Another one of Dr. Crandall’s studies was conducted before and after the 2016 presidential elections involving both liberals and conservatives. It posed questions related to what expressions are permissible within society. Participants rated their attitudes towards Muslims, Canadians, blind people, immigrants, and women on a scale of 0 to 100 (the higher the score, the more tolerant the attitude).
Both the supporters of the Republican and the Democratic candidate expressed different opinions about permissible behaviors just 10-14 days after the initial answer. As it is highly unlikely that people changed their mind about the groups, the explanation lays in the effect of the election. Dr. Crandall argues that there was a large number of Americans who were suppressing their prejudice because they knew it would be punished, and the election removed the suppression, allowing for people to express their hidden beliefs.
Moreover, there was an increase in the levels of acceptable prejudiced speech towards specific groups that the Republican candidate had actually mentioned in his speeches by expressing a negative attitude towards them. After the 2016 presidential elections, people found it more acceptable to insult or look down upon Muslims, Mexicans, illegal immigrants, and fat people, while not finding it any more acceptable to discriminate against blind people and Canadians (groups that were not directly mentioned during any speeches).
Seeing as the free speech argument is used whenever an individual wishes to defend their beliefs, and human beings look towards others to determine what might be acceptable to express, why has the society of this nation not woken up to the simple solution of stricter guidelines? How long will it take? How many lives will need to be lost?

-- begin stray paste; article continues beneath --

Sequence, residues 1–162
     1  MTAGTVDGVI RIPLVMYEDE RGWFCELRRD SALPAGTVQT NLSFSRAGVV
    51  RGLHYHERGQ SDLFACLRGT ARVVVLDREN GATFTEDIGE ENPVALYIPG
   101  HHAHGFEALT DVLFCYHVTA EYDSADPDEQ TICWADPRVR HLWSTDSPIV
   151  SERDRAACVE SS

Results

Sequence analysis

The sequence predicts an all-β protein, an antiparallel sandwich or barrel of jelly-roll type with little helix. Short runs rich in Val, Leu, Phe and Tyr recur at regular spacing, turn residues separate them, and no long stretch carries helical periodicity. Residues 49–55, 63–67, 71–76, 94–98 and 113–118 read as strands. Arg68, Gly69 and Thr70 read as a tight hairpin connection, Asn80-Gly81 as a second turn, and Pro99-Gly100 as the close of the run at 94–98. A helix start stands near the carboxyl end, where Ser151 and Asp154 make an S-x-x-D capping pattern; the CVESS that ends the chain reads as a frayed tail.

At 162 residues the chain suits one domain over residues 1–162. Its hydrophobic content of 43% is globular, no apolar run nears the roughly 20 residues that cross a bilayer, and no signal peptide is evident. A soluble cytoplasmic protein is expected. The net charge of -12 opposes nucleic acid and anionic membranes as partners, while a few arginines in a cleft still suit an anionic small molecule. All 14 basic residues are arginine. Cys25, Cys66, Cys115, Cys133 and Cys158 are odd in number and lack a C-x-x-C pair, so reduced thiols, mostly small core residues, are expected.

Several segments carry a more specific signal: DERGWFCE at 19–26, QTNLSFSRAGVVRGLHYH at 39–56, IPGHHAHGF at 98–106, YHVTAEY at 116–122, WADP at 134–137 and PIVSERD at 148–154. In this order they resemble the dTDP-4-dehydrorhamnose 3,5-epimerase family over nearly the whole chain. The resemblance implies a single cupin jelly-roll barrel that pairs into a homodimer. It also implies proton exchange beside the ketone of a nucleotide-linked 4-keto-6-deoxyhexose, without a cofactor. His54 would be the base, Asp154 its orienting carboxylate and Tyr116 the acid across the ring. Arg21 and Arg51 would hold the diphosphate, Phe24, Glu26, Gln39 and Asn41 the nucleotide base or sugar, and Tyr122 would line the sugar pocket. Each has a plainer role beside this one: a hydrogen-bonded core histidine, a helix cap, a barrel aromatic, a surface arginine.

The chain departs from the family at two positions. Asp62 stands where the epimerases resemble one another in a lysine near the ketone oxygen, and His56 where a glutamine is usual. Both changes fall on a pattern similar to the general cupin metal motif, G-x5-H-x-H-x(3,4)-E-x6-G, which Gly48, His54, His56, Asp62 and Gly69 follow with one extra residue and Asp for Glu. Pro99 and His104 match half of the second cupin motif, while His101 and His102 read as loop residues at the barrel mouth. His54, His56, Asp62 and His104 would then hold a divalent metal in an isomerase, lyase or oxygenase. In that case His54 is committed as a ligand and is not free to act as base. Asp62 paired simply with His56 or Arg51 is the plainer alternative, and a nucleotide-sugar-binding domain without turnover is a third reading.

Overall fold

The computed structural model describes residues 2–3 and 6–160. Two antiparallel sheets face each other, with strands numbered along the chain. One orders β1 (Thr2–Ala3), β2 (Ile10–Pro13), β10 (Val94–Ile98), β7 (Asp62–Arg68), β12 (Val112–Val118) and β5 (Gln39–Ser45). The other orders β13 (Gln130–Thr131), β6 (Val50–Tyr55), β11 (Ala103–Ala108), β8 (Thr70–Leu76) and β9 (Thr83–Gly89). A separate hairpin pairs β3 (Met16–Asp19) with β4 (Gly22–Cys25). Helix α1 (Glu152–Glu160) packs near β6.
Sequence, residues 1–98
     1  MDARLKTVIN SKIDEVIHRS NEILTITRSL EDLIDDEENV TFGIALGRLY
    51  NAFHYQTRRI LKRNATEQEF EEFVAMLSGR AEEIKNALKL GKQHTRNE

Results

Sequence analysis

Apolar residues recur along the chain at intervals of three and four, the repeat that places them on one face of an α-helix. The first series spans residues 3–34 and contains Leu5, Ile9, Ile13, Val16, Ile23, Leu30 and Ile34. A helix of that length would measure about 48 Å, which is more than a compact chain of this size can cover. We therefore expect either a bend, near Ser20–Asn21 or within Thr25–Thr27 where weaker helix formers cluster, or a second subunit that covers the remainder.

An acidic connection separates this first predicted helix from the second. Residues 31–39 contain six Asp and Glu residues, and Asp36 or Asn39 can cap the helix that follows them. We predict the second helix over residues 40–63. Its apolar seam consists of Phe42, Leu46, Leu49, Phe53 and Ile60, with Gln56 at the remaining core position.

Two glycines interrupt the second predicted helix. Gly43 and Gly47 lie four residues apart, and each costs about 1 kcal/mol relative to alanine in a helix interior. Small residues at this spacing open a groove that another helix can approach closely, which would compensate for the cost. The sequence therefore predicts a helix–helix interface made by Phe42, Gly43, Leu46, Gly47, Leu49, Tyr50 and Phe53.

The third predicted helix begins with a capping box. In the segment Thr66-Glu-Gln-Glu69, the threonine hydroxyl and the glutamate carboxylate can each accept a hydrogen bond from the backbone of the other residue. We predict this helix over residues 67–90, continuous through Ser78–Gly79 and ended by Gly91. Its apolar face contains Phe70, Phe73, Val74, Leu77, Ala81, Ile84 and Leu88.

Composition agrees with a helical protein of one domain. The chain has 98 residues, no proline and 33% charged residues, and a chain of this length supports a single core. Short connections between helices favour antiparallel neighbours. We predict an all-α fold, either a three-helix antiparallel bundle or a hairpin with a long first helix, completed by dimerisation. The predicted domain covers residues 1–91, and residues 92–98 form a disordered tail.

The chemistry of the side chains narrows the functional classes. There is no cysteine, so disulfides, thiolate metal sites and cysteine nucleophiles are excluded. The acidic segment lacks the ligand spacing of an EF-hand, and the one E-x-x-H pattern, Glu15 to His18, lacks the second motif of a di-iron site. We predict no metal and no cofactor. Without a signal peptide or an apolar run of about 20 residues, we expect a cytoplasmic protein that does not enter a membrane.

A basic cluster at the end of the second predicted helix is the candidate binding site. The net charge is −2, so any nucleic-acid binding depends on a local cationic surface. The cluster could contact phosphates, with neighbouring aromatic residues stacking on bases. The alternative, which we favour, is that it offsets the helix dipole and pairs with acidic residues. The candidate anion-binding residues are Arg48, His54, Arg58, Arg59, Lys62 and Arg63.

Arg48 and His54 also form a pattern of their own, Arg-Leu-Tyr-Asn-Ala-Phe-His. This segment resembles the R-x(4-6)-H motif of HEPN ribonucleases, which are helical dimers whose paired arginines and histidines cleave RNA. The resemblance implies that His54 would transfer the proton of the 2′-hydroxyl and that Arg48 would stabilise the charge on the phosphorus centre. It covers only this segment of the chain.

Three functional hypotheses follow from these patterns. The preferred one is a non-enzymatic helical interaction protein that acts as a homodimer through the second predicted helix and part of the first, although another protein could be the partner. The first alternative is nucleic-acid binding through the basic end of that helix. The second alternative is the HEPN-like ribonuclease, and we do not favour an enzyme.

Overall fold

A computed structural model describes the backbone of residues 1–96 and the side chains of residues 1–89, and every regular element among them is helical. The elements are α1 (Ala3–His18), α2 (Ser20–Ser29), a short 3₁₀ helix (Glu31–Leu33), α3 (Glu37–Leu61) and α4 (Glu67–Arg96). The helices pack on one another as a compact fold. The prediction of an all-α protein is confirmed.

Americans seem to be placing an incredible amount of responsibility on individuals making the right, decent, respectful choice when many psychologists have shed light upon the malleability of human nature. Even „an early parallel with the Bandura study“ could simply be made, according to Chris Crandall. The study essentially showed kids behaving the way their adult „model“ behaved, which included violent actions. (If you are not familiar with the famous Bobo Doll experiment, you can listen to Bandura himself explaining the results.
As appealing as the idea of grown-ups holding beliefs completely independent from morals upheld by the surrounding society may seem, the studies indicate that people may be overestimating their ability to think independently. Aging does not remove the link between one’s personal behavior and what they have observed to be socially acceptable. Of course, opinions and values differ, yet implied permission has more power than one might think.
There is no way to explain the current mindset of the United States with a simple answer, or to easily understand the intricacies of human nature, or not to wish that racist attitudes could simply evaporate into thin air. I am well aware that the mentioned information is simply one student’s attempt to scratch the surface with the help of brilliant minds that have put years into developing scientific research. Nonetheless, I believe individuals should pay more attention not only to policies but also to the behaviors they support with their vote, that each individual should attempt to understand the effect of their decision, and extend that understanding a little further with each passing day. Yet most of all, I wholeheartedly hope that the situation will not have to get worse before it can get better.
If you wish to familiarize yourself with Germany’s approach to hate speech, you can click on the link.